POLAND: Jaruzelski's Optimism
Pffiierciti appears ftnsrtCtu saiitfied uich the reaulteiaa Is JbAc QJvi cautiouaiy wftimsiia about tha future.
[commented that tne worst was over even though tough economic problems remain. He admitted thathad hit hard but added that Moscow would supply needed raw materials and that Western financial circles were "showing some interest" because of improved work discipline and increased production of coal and other raw materials. Jaruzelski also suggested that "subtle changes" in US thinkingealization that letting Poland go bankrupt would damage the entirefinancial system.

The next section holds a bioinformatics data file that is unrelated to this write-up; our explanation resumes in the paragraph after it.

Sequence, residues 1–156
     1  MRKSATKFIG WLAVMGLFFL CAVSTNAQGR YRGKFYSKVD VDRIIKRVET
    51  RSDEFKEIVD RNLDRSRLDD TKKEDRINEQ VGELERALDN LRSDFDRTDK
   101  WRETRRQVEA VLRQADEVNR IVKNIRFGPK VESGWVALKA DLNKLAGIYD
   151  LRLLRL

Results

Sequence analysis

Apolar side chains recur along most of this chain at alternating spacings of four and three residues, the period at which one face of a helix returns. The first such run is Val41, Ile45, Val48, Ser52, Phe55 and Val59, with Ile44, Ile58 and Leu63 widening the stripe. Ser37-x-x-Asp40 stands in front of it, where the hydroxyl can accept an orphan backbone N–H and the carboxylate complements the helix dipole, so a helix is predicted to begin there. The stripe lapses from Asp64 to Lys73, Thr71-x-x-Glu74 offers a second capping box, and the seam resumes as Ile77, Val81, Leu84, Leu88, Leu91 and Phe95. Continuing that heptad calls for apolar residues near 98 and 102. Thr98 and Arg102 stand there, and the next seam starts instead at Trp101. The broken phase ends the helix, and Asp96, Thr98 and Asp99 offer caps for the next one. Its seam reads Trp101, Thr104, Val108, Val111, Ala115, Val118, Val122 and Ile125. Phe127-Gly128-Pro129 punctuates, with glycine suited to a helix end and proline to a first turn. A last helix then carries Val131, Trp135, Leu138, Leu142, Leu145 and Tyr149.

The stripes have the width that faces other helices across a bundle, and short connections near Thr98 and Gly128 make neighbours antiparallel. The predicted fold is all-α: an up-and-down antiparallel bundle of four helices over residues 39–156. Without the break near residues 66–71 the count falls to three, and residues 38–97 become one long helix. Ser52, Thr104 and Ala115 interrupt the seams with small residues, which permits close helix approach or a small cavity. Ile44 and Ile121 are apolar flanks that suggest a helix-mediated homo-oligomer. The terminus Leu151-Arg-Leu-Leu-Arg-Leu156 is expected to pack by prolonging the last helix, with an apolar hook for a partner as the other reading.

The Premier saidecent private government poll showedercont favored the Introduction of martial low. He noted, however, that this did not translate into support for the regime, and he did not rule out the possibility of the populace turning against the_if economic conditions worsened.
In addition, Jaruzelski said that the government was trying toational consensus, largely bynew life into parliament, and implicitly criticized the activities of the party-sponsored local Committees of National Salvation. The legislature meets toda^ .short notice for the second timeeek.
Comment; The Polish leader's comments strongly imply that he continues to look to the West for expanded economic relations. He apparently believes that Warsaw tl_F'9 on its side with regard to Western sanctions.Original document.